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Classification System: APG IV

Superregnum: Eukaryota
Regnum: Plantae
Cladus: Angiosperms
Cladus: Eudicots
Cladus: Core eudicots
Cladus: Rosids
Cladus: Eurosids I
Ordo: Fabales

Familia: Fabaceae
Subfamilia: Caesalpinioideae
Tribus: Acacieae
Genus: Acacia
Species: Acacia oswaldii

Acacia oswaldii F.Muell., 1863

Acacia amaliae Domin
Acacia amaliae var. orthophylla Domin
Acacia oswaldii var. abbreviata Benth.
Acacia sessiliceps F.Muell.
Racosperma oswaldii (F.Muell.) Pedley

Native distribution areas:
Acacia oswaldii

Continental: Australasia
Regional: Australia
New South Wales, Northern Territory, Queensland, South Australia, Victoria, Western Australia

References: Brummitt, R.K. 2001. TDWG – World Geographical Scheme for Recording Plant Distributions, 2nd Edition
Primary references

Mueller, F.J.H. v., 1863. The Plants Indigenous to the Colony of Victoria 4:5.


Govaerts, R. et al. 2020. Acacia oswaldii in Kew Science Plants of the World online. The Board of Trustees of the Royal Botanic Gardens, Kew. Published online. Accessed: 2020 Aug 10. Reference page.
International Plant Names Index. 2019. Acacia oswaldii. Published online. Accessed: Aug 10 2019. 2019. Acacia oswaldii. Missouri Botanical Garden. Published online. Accessed: 10 Aug 2019.
Catalogue of Life: 2021 Annual Checklist
Acacia oswaldii – Taxon details on World Wide Wattle.
USDA, ARS, Germplasm Resources Information Network. Acacia oswaldii in the Germplasm Resources Information Network (GRIN), U.S. Department of Agriculture Agricultural Research Service. Accessed: 09-Oct-10.

Vernacular names
English: Curly Yarran, Middia, Miljee, Nelia, Umbrella Bush, Umbrella Wattle, Whyacka

Acacia oswaldii, commonly known as boree,[2] umbrella wattle, umbrella bush, whyacka, middia, miljee, nella and curly yarran,[3] is a shrub or tree of the genus Acacia and the subgenus Plurinerves.


The shrub or tree typically grows to a height of 1 to 6 metres (3 to 20 ft)[4] and can be found to 8 m (26 ft). It has terete and glabrous branchlets with many red, resinous micro-hairs. Phyllodes are spreading to erect with leaves that are linear, narrowly elliptic or narrowly oblong-elliptic shape that is straight to recurved, terete to flat, 2.5 to 10.5 centimetres (1 to 4 in) in length and 3 to 15 millimetres (0.12 to 0.59 in) wide.[3] Leaves are hairy when young, becoming hairless, edges smooth, with a straight often sharp point.[5]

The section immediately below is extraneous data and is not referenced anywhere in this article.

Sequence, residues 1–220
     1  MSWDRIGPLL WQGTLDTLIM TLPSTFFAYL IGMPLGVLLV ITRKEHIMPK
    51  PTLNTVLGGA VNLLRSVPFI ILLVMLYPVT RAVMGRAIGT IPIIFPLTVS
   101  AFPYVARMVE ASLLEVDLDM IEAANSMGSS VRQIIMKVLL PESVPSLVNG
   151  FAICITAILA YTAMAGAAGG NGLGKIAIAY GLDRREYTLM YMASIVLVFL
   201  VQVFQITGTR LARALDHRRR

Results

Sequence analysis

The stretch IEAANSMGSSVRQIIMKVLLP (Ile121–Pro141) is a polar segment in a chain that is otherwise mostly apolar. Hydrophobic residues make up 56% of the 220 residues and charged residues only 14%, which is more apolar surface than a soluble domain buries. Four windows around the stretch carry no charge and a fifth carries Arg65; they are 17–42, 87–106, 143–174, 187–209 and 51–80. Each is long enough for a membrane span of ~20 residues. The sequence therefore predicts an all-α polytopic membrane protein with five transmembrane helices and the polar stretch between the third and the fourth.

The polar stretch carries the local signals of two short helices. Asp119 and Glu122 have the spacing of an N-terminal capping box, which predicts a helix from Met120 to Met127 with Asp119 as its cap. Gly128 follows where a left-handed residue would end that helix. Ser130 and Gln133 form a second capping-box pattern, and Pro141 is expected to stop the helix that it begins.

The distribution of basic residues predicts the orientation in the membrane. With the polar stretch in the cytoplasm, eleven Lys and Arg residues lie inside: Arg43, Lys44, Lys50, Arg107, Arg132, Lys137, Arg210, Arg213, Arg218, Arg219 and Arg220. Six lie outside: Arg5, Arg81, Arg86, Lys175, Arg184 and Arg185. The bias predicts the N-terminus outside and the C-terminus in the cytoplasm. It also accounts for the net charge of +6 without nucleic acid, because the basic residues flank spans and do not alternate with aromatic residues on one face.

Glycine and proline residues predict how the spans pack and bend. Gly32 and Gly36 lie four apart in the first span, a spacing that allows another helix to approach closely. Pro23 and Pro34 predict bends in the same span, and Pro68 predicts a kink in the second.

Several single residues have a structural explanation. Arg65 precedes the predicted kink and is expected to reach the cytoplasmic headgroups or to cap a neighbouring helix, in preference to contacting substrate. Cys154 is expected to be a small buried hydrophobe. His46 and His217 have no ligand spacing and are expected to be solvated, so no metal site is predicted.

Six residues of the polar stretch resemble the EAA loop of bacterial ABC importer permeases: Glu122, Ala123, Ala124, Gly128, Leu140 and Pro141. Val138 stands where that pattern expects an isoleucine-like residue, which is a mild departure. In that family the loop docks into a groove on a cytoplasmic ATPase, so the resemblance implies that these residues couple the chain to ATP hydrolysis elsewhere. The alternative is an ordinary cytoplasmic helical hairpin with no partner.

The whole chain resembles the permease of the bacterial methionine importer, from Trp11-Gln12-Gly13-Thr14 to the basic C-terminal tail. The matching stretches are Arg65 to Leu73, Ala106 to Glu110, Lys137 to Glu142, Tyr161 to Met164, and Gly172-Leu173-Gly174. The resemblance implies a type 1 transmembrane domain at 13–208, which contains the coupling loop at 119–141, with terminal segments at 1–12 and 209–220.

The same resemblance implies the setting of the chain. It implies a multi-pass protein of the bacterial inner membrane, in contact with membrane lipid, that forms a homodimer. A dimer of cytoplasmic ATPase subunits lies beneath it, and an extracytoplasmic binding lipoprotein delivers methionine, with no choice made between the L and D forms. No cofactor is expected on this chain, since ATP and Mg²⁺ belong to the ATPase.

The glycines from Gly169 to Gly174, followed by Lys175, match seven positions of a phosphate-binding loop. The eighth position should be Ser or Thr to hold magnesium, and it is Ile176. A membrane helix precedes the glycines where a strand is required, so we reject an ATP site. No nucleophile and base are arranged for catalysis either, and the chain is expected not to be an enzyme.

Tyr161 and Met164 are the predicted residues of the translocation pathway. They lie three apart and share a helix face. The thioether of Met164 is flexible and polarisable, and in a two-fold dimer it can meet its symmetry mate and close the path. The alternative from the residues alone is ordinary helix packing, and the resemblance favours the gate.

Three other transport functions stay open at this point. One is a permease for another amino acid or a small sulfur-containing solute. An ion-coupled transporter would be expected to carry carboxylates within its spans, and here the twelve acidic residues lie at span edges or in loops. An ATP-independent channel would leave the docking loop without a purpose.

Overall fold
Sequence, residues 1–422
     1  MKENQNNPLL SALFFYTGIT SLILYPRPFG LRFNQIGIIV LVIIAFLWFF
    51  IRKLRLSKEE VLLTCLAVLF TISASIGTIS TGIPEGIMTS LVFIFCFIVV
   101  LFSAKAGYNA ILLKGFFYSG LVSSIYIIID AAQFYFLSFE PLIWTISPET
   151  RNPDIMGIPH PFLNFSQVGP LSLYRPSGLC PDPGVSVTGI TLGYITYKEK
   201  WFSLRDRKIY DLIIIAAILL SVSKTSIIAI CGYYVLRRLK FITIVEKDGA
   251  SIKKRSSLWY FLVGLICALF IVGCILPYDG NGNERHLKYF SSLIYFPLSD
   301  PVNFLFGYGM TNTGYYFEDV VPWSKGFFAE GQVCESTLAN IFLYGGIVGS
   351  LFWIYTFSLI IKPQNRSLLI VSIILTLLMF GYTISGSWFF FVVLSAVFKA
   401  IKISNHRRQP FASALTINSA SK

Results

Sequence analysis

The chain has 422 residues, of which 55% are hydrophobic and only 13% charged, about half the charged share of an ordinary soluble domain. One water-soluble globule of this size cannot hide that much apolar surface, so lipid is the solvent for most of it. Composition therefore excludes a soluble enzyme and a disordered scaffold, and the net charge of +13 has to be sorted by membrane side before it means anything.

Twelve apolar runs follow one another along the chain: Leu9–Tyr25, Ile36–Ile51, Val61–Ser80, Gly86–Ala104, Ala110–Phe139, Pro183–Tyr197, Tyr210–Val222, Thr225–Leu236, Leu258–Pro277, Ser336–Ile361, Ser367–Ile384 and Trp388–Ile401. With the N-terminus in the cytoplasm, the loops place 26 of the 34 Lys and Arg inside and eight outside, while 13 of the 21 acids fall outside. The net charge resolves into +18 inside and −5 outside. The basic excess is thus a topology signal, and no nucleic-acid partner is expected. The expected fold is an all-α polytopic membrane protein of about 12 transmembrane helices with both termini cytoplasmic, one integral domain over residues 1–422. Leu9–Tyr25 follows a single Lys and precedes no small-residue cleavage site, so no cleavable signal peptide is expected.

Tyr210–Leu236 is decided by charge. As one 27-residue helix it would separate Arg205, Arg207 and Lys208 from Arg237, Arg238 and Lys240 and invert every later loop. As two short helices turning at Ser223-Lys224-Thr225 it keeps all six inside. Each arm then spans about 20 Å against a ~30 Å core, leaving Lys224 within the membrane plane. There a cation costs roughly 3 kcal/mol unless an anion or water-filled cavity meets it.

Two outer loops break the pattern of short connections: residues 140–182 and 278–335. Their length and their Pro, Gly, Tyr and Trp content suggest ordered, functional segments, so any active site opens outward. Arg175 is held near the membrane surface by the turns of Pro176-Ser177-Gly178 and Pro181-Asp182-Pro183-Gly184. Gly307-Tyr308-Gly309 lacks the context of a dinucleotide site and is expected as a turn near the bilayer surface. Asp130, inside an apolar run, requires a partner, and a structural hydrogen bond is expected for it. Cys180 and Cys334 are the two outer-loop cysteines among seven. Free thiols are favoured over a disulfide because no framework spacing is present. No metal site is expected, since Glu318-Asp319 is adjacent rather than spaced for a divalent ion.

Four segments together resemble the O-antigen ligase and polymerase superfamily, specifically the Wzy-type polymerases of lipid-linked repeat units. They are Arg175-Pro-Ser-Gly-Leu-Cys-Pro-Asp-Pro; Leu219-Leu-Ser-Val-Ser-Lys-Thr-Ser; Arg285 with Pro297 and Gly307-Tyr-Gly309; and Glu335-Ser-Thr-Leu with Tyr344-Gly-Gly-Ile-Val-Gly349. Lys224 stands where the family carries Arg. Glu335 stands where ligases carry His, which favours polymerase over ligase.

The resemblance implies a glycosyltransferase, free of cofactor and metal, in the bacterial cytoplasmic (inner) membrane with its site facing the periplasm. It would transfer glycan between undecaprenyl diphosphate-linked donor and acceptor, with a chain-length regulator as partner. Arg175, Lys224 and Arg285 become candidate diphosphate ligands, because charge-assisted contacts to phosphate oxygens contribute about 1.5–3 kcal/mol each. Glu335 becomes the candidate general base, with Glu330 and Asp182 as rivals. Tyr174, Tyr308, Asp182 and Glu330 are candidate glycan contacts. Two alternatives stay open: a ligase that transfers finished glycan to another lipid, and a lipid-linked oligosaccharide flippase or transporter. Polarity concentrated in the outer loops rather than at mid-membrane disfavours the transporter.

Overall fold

It blooms from October to December and produces yellow flowers.[4] The simple inflorescences forms singly or in pairs in the axil of the phyllodes supported on hairy peduncles that are 0 to 1 millimetre (0.00 to 0.04 in) long. The flowers are heads globose holding 5 to 16-flowers that are 5 to 8 mm (0.2 to 0.3 in) in diameter. Seed pods form later that are curved or coiled and mostly flat except where raised over seeds. The leathery to woody pods are 4 to 25 cm (1.6 to 9.8 in) long and 5 to 12 mm (0.2 to 0.5 in) wide.[6] Seeds can be collected from March to May and sown from November to February and will germinated in 3 to 10 weeks. A. oswaldii can also be grown from cuttings.[7]

It is native to an area in the central and southern regions of South Australia and the Northern Territory, south west Queensland, western New South Wales,[6] northern Victoria[2] and the Pilbara and Goldfields-Esperance regions of Western Australia.[4]

The distribution is wide but scattered throughout arid, semi-arid and subtropical areas in all states on the mainland, occurring mainly in calcareous sands or loamy soils.[3]

The species was initially described by the botanist Ferdinand von Mueller in 1863 in the journal Fragmenta Phytographiae Australiae.[2] Several synonyms are known including Racosperma oswaldii,[6] Acacia sessiliceps, Acacia amaliae var. amaliae, Acacia osswaldi, Acacia amaliae, Acacia oswaldi var. abbreviata and Acacia amaliae var. orthophylla.[2]

The name honours Ferdinand Oswald, who was involved with the collection of the type specimen.[6] The type specimen was collected by von Mueller in 1851 near Blanchetown on the Murray River.[3]
See also

List of Acacia species


"Acacia oswaldii F.Muell. | Plants of the World Online | Kew Science". Plants of the World Online. Retrieved 2020-01-26.
"Acacia oswaldii F.Muell. Boree". The Atlas of Living Australia. Global Biodiversity Information Facility. Retrieved 18 July 2016.
"Acacia oswaldii". Worldwidewattle. CSIRO. Retrieved 18 July 2016.
"Acacia oswaldii". FloraBase. Western Australian Government Department of Biodiversity, Conservation and Attractions.
"Acacia oswaldii factsheet". Retrieved 18 July 2016.
"Acacia oswaldii F.Muell". PlantNET. Royal Botanic Gardens, Sydney. Retrieved 12 December 2016.
"Acacia oswaldii Umbrella Wattle". Tree Project Inc. Retrieved 18 July 2016.

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